The Motherlode: Our Top Weekly Links

Written by Katie Hintz-Zambrano
4:45 pm

Photo Via Colorlines

A new documentary about Toni Morrison explores the writer’s role as a single mother, amongst other things. (Teen Vogue)

Summer jobs for teens have dipped below pre-2000 levels. (Pew Research, Brookings)

A pediatrician’s account of treating migrant children at the border. (The Atlantic)

A government report details the appalling conditions at border holding facilities. (The Atlantic, NPR)

The widening college-completion gap between urban and rural students. (The Atlantic)

Where mini kid libraries are popping up, from barbershops to laundromats. (The New York Times)

Why Instagram is so bad for teen girls (and probably grown women, too). (Forbes)

Dr. Kristian Henderson, Blk+Grn founder, new mama, and recent Mother subject, is currently in a coma after a critical car accident. Find out how you can help. (Dr. Kristian H.)

Inside a summer camp for kids dealing with anxiety and ADHD. (The New York Times)

The best kids’ podcasts for long summer drives. (Wired)

Massachusetts is making free menstrual products more available to teens. (Teen Vogue)

The story of 32 half-siblings linked by a sperm donor. (The New York Times)

Gen Z and the highs and lows of smartphone addiction. (Business Insider)

Only 14% of kids who get free and reduced lunch during the school year are receiving free summer meals. (Pacific Standard)

Author Mo Willems on his creative process, why you should draw with your kids, and more. (NPR)

Helping teens get more sleep—during the school year and summer. (Thrive Global)

Turns out babies can tell the difference between a laugh with a friend and with a stranger. (Scientific American)

Keeping the fun in children’s sports. (The New York Times)

Tia Mowry-Hardrict on co-sleeping with her kids. (People)

Are small private colleges worth the money? (The Atlantic)

Why you should teach your kids manners. (The New York Times)

Teens are probably consuming too much caffeine. (The Atlantic)

40 adorable classic baby names. (Cosmo)

The complex and bizarre history of the Muppet Babies. (Gizmodo)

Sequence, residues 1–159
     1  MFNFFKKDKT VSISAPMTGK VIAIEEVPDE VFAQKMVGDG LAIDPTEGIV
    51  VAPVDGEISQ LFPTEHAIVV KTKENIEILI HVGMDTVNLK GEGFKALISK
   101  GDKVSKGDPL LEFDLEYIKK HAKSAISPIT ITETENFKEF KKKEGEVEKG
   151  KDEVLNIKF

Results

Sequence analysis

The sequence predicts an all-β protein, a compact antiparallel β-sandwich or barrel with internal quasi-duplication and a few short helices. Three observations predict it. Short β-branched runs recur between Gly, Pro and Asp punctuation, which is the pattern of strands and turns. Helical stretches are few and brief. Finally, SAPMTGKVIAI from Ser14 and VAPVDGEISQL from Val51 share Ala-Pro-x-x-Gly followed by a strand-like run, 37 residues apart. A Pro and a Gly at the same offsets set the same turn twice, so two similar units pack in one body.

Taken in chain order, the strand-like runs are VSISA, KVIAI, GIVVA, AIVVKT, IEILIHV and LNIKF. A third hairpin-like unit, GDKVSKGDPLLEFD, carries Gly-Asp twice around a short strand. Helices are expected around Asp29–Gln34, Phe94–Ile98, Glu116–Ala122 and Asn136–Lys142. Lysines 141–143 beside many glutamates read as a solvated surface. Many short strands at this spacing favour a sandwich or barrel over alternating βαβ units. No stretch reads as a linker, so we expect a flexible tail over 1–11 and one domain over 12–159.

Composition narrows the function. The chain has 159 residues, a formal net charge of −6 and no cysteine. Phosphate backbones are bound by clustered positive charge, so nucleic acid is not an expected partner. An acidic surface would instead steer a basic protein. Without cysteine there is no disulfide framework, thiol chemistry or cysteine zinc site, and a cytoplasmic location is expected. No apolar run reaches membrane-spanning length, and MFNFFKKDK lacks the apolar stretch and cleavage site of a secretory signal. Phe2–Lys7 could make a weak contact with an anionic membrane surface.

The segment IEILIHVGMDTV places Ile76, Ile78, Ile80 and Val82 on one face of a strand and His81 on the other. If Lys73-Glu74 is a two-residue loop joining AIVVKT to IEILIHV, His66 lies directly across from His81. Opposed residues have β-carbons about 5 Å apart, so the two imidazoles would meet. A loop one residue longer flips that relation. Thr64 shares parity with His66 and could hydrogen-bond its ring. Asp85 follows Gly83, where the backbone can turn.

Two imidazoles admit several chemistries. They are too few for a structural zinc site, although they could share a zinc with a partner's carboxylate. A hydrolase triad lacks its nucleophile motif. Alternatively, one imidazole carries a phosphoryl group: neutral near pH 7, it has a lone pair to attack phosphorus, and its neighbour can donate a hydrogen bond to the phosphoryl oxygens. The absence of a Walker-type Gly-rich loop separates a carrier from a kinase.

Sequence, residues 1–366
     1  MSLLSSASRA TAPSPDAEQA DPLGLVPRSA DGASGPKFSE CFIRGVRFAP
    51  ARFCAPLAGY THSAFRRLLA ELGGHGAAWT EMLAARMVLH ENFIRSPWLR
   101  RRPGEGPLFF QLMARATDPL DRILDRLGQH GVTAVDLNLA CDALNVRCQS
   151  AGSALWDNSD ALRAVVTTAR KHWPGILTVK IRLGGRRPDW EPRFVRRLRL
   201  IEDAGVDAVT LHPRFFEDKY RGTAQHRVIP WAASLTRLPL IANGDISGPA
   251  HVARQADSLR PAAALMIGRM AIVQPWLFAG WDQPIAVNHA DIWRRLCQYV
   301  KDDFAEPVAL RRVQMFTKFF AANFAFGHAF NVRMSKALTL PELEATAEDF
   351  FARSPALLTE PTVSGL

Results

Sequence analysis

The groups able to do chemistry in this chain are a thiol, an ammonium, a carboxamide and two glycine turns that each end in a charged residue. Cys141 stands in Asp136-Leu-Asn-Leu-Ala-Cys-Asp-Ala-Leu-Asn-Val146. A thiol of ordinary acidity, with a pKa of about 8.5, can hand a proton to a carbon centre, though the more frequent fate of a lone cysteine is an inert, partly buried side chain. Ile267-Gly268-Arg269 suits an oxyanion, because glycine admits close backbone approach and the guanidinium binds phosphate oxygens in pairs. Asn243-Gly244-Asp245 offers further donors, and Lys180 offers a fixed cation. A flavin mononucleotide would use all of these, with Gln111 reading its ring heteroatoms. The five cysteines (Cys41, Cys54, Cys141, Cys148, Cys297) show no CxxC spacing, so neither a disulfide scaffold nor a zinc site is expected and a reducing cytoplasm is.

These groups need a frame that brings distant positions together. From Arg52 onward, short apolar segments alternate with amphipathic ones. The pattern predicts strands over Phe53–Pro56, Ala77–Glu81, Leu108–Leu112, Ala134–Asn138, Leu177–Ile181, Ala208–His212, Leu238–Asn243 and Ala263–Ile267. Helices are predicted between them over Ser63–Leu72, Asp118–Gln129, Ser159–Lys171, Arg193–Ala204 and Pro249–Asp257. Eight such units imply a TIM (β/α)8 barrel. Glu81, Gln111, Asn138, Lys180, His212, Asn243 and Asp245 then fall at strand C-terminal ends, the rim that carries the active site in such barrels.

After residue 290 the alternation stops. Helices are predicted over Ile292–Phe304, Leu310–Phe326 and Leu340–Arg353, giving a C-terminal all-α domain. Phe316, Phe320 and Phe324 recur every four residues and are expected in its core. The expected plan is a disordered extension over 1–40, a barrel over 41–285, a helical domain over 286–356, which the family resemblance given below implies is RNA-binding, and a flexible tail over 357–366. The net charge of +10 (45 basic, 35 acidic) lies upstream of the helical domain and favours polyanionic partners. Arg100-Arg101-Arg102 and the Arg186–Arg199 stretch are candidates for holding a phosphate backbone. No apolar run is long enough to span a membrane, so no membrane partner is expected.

Can Kidz Bop survive the streaming era? (The New York Times)

An L.A. salon catering to LGBTQ+ kids. (LAist)

Shay Mitchell is having a baby girl and plans to document every step of the way on YouTube. (Variety, YouTube)

Why family vloggers aren’t into the idea of moving all kids’ content to YouTube Kids. (Gizmodo)

Want your kid to become a soccer pro? Signing them up for basketball might be the answer. (Wired)

A federal worker’s story of being refused abortion coverage when carrying a child with a life-ending condition. (The New York Times)

If your toddler obsessed with your iPhone? Maybe give them a calculator. (Ozy)

Taking care of your mental health during pregnancy. (Psychology Today)

A Netherlands-based startup will no longer help folks conceive and deliver babies in space. (Business Insider)

A new threat to the health of 1.9 million immigrant children. (UPI)

One father on making dad friends. (Fatherly)

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1 comment


The link above made me think of something I have been raging about for awhile: I feel like the issue of people exploiting their children on YouTube (and Instagram, for that matter) has not been given the attention it deserves. There are so many people out there using their children as part of their “business” to create a brand/image/identity, and what protections are there for the kids? These kids aren’t old enough to understand the full consequences of having their image/life plastered on the internet much less understand what it means to give consent, and if mom or dad are earning money from what they’re creating, the kids should have guarantees and protections with regards to time worked and money saved aside specifically for them. It’s not enough to trust a parent/family would do those things, and it’s also not enough to say that making their children a part of their business gives those parents/guardians the fortune of being at home and spending more time with their family. I would love to see MotherMag discussing this issue.